A word to Science: time to stop kissing the butt of evangelicals
Are you looking for a job as a professional accomodationist? Do you want to peddle the dogma that science and religion (specifically evangelical Christianity) are always compatible, and be paid for it? Congratulations! One of the most prestigious scientific bodies in the world, the American Association for Advancement of Sciences (publisher of the journal Science) has an opening just for you. It will look great on your resume too!
These are the requirements for the job, and the responsibilities:
Senior Program Associate (Req. #2026) (Full Time)
Location: Washington DC
The American Association for the Advancement of Science seeks a Senior Program Associate to work within the AAAS Dialogue on Science, Ethics, and Religion Program. The position involves an exciting new project geared to promote positive understanding between the scientific and religious communities, particularly evangelical Christianity.
This position is anticipated to extend for a period of one year with the potential for renewal.
Major duties and responsibilities:
- Manages the project Advisory Committee
- Works with contractors and partners including evangelical organizations and prominent scientists
- Consults on public survey research related to project goals
- Writes and edits project-related materials
- Creates and maintains online resources
- Manages project finances
- Represents and speaks on behalf of the project and supervises project interns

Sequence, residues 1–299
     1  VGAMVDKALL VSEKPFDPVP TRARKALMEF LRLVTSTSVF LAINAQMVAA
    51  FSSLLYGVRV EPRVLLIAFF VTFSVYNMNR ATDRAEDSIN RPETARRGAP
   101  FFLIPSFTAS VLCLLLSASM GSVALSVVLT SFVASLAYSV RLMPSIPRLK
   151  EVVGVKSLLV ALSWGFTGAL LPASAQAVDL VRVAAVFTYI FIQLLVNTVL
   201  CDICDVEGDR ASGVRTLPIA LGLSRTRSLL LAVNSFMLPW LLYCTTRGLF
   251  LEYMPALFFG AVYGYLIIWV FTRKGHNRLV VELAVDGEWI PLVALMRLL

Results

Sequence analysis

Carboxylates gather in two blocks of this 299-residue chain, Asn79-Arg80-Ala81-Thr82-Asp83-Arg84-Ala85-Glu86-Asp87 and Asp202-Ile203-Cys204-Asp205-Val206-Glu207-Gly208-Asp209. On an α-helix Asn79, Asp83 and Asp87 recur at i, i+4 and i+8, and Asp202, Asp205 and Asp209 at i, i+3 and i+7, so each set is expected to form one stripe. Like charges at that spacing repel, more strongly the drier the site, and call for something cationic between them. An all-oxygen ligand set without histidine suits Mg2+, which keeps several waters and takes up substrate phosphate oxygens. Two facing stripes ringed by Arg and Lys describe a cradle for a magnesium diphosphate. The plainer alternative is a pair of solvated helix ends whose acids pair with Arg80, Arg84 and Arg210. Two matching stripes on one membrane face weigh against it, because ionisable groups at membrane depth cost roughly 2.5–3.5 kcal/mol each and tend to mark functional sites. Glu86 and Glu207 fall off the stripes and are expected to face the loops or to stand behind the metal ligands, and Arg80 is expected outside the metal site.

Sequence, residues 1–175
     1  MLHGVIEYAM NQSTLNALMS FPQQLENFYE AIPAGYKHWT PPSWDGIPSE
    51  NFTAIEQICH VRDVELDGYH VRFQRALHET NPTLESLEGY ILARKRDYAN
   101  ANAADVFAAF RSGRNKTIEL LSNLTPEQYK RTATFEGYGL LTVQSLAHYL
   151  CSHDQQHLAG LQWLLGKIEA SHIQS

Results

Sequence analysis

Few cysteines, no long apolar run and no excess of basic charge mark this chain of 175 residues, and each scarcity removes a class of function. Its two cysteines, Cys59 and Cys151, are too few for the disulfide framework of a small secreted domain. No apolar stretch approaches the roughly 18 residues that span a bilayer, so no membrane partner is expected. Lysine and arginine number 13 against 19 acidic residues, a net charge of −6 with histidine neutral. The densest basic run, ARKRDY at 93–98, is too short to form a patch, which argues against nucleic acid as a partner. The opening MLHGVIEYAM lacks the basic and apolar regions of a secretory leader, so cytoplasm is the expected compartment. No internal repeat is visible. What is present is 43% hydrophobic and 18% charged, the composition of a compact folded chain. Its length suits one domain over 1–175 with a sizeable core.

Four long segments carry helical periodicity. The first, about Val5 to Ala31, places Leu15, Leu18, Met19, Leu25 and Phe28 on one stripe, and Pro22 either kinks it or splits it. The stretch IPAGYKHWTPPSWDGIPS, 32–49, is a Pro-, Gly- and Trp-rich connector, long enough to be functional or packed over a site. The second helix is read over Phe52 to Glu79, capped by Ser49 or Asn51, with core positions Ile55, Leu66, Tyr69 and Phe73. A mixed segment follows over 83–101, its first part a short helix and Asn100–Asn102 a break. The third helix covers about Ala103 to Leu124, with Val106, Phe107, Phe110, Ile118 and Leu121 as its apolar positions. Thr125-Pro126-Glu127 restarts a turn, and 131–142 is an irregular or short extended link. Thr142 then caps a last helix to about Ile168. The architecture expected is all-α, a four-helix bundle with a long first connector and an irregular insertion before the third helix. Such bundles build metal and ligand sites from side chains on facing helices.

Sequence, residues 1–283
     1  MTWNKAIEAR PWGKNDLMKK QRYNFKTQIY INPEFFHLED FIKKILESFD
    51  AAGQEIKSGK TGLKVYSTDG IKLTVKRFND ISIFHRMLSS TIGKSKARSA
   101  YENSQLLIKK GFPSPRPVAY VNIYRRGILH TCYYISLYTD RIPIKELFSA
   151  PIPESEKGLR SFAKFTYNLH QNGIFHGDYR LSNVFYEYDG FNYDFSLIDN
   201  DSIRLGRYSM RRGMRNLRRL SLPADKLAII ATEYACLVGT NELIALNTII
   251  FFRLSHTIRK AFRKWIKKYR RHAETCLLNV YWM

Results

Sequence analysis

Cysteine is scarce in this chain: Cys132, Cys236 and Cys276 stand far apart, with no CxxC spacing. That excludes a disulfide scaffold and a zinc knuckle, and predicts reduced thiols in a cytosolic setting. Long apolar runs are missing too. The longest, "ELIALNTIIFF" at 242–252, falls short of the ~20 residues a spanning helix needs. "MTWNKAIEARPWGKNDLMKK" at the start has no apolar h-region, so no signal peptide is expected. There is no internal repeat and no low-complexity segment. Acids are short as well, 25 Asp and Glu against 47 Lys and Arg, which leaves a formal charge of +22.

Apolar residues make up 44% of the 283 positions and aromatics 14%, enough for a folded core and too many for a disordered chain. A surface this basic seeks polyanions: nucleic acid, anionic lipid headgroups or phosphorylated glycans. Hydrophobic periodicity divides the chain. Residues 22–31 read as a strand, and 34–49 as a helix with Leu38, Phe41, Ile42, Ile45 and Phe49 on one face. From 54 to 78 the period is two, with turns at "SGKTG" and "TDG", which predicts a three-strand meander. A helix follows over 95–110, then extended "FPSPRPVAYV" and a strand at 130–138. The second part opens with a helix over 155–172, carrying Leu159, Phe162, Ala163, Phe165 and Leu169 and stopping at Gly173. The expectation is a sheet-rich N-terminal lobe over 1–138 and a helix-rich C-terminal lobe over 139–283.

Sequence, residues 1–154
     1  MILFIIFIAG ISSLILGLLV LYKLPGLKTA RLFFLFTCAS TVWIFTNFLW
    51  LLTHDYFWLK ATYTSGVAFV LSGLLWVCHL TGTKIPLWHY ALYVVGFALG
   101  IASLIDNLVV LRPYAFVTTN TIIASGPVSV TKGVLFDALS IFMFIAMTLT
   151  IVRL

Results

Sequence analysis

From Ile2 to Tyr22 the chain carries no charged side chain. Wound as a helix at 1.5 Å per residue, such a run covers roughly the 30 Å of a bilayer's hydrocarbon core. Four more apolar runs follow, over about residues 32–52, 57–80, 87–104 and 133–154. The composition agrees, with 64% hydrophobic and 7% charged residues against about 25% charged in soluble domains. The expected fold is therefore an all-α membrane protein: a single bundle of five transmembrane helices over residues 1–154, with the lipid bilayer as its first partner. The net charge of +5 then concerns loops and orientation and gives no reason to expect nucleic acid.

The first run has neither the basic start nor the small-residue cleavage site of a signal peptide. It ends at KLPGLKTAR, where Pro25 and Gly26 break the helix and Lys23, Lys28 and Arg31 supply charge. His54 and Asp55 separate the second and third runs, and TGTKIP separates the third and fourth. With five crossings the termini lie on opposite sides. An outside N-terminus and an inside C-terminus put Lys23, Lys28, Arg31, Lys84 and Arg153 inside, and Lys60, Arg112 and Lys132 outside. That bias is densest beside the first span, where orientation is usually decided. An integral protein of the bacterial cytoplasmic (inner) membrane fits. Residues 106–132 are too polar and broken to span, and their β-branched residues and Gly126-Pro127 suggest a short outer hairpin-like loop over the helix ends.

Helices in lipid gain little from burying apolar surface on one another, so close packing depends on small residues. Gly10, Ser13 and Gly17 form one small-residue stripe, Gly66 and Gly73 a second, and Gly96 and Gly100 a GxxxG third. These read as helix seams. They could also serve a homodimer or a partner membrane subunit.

- Extensive university or college level training leading to a Bachelor’s degree in the biological or physical sciences; Master’s degree or PhD preferred
- Experience or familiarity with evangelical Christianity
- Sincere interest in the science and religion dialogue
- Strong technology skills in contemporary software packages, particularly in Microsoft Office
- Ability to travel at least twice annually
- Public Speaking experience; experience organizing public events
- Experience with web design software and social media programs
- Coursework in theology or religious studies preferred Strong research skills and financial management abilities preferred
And what has been the result of these servile efforts? As you might imagine, there has been a good deal of ridicule from the evangelical hierarchy. For example, David French, of Pat Robertson’s ACLJ, has this to say about such efforts:
Evangelicals are simultaneously assaulted and wooed: You’re a hateful bigot until the very instant you abandon the unborn, capitulate on marriage, and embrace environmental activism. Then, you’re celebrated as tolerant and even courageous.
At times, the effort was almost transparently pathetic (who knew it was more pro-life to buy a Prius than to protect unborn children?) and other times downright malicious.
He is pretty dismissive of all these efforts.
The stick will grow heavier and the carrot tastier. But I’m far more optimistic about our ability to endure than at any time since 2008. [No Cross No Crescent: I guess “endure” means “stay inflexible”.]
The reason being:
According to the exit-poll data, not only did Evangelicals turn out for Mitt Romney at percentages that exceeded George W. Bush’s and John McCain’s share of the Evangelical vote, they also constituted a record-high share of the overall electorate.
(Of course others have looked at the same data and sounded the alarm for evangelicals.)
So what does the AAAS have to show for these efforts that have earned them ridicule and dismissal? Evangelicals have lower levels of acceptance of climate change that the general public, and level of acceptance of evolution the way scientists understand it among generic weekly church attending people are abysmal.
Why won’t the AAAS try to reach out to the fast growing segment of the population, the religiously unaffiliated, instead of evangelicals, is a mystery to me. As it happens, we are a lot more likely to accept scientific consensus, since we don’t have a religious doctrine standing in the way.